BY MRS. GENERAL CHARLES H. T. COLLIS.
Her struggles to reconcile being the sister of a Confederate soldier and the wife of a Union officer.
Septima Levy Collis was born in Charleston, South Carolina in 1842. She married Charles H. T. Collis of Philadelphia in 1861. He joined the 18th Pennsylvania Infantry Regiment at the start of the war and returned to Philadelphia to form a company known as the Zouaves D’ Afrique.
"I have no hesitation in calling what I am about to write a "war record," for my life was "twice in jeopardy," as will be seen later on, and I served faithfully as a volunteer, though without compensation, during the entire war of the Rebellion. It is true I was not in the ranks, but I was at the front, and perhaps had a more continuous experience of army life during those four terribly eventful years than any other woman of the North. Born in Charleston, S. C., my sympathies were naturally with the South, but on December 9, 1861, I became a Union woman by marrying a Northern soldier in Philadelphia. The romance which resulted in this desertion to the enemy would perhaps interest the reader, yet I do not propose to tell it; for I am sure sure the very realistic life which it enabled me to experience for three winters in camp at army headquarters will interest him more. My first commander was Gen. Nathaniel P. Banks, to whom I reported on December 11, 1861, at Frederick, Md., where my bridegroom was then a captain of an independent company, which he named and equipped as "Zouaves d’Afrique."
Despite her southern sympathies, Collis supported her husband and accompanied him throughout the war. Her memoir, A Woman’s War Record, recounts her experiences at the front lines as well as social life away from camp, including the time she met President Abraham Lincoln. Of particular note are her struggles to reconcile being the sister of a Confederate soldier and the wife of a Union officer. She wrote:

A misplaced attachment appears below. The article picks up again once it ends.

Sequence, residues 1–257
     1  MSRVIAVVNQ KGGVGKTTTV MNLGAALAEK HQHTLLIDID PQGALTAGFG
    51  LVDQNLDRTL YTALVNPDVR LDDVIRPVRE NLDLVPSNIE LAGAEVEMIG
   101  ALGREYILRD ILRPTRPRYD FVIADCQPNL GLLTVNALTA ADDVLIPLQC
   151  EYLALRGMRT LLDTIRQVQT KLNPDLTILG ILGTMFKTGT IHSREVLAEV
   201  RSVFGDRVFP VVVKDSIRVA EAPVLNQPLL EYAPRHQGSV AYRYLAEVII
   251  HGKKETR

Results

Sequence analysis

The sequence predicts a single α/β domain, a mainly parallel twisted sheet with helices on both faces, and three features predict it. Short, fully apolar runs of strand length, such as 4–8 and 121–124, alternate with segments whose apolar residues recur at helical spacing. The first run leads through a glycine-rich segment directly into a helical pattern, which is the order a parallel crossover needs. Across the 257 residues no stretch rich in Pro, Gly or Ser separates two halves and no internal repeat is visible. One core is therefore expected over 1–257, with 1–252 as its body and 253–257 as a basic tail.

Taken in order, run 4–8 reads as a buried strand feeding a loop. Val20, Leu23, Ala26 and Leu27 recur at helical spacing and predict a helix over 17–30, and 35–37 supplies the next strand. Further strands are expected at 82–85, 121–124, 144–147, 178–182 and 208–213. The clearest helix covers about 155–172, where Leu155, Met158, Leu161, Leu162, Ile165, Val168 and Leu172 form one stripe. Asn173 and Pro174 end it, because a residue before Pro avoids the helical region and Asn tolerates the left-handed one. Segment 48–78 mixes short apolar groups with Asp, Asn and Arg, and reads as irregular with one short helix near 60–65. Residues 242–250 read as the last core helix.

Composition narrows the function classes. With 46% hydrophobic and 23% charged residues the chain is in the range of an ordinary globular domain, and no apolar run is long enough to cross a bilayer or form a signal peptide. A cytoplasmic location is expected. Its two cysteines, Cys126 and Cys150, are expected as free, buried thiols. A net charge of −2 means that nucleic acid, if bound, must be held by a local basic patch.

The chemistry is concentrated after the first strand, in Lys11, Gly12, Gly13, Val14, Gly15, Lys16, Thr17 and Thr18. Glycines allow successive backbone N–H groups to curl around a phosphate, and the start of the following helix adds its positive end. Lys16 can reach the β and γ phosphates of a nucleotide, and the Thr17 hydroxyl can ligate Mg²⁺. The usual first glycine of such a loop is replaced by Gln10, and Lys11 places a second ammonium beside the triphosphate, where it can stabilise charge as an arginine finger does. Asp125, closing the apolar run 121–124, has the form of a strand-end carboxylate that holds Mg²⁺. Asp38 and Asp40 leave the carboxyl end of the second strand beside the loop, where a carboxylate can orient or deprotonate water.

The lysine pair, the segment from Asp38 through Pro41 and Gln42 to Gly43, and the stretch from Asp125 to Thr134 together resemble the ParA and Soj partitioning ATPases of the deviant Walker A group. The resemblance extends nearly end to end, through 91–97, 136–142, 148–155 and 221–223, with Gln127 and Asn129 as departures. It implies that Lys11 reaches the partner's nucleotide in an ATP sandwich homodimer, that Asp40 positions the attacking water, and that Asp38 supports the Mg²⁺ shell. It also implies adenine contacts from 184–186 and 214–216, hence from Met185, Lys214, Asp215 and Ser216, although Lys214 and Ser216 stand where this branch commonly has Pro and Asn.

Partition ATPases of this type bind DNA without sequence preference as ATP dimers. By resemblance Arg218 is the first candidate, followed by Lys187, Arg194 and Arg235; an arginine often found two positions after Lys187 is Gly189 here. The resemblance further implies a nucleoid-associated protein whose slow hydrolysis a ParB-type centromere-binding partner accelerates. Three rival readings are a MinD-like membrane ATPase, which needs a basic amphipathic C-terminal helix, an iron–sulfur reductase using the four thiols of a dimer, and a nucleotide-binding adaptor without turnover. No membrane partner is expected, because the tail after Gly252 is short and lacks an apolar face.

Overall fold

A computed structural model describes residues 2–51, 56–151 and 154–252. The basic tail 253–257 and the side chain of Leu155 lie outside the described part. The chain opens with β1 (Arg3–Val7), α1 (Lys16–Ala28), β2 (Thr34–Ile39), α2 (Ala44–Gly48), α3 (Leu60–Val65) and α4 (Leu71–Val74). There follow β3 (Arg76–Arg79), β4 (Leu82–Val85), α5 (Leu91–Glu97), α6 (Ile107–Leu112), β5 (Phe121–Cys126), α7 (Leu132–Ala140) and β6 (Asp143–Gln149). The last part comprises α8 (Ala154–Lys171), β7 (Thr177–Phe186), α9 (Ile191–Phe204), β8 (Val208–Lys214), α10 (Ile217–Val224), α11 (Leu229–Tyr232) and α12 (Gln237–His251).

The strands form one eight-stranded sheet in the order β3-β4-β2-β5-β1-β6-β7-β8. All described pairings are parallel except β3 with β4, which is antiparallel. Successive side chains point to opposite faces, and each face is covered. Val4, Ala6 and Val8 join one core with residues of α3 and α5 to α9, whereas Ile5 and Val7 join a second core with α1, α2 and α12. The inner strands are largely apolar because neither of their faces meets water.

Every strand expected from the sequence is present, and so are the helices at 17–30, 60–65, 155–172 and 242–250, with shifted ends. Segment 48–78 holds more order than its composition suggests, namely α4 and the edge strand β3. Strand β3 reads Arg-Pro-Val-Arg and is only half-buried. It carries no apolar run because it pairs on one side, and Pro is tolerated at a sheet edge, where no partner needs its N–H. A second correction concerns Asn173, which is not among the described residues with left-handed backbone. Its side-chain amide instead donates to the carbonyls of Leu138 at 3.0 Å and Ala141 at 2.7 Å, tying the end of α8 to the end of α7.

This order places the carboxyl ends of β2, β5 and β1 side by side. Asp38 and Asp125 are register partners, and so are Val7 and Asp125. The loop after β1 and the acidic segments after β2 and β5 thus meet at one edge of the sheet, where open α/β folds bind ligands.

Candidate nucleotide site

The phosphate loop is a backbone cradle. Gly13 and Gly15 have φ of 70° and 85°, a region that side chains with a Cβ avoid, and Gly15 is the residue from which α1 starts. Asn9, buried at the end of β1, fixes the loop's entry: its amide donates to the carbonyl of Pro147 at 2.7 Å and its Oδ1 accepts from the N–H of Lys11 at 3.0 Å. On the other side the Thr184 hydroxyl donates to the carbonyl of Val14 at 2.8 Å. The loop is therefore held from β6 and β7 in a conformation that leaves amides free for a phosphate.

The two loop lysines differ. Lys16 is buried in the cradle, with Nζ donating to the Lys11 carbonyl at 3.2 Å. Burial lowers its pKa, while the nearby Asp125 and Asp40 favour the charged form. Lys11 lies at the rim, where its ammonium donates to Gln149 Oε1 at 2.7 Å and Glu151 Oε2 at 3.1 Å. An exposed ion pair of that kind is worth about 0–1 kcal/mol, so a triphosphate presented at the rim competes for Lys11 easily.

"My brother, David Cardoza Levy … was about this time killed at the battle of Murfreesborough …This was the horrible episode of the civil war to me, and although I had many relatives and hosts of friends serving under the Confederate flag all the time, I never fully realized the fratricidal character of the conflict until I lost my idolized brother Dave of the Southern army one day, and was nursing my Northern husband back to life the next."
Collis’ experiences were far from unique. During the war, families were divided from loved ones for a myriad of reasons – whether ideological disagreements, geographical separations, or the strain of war itself. Numerous accounts, both published and private, document the distress, helplessness, and emotional turmoil that families often felt as the result of these challenging circumstances.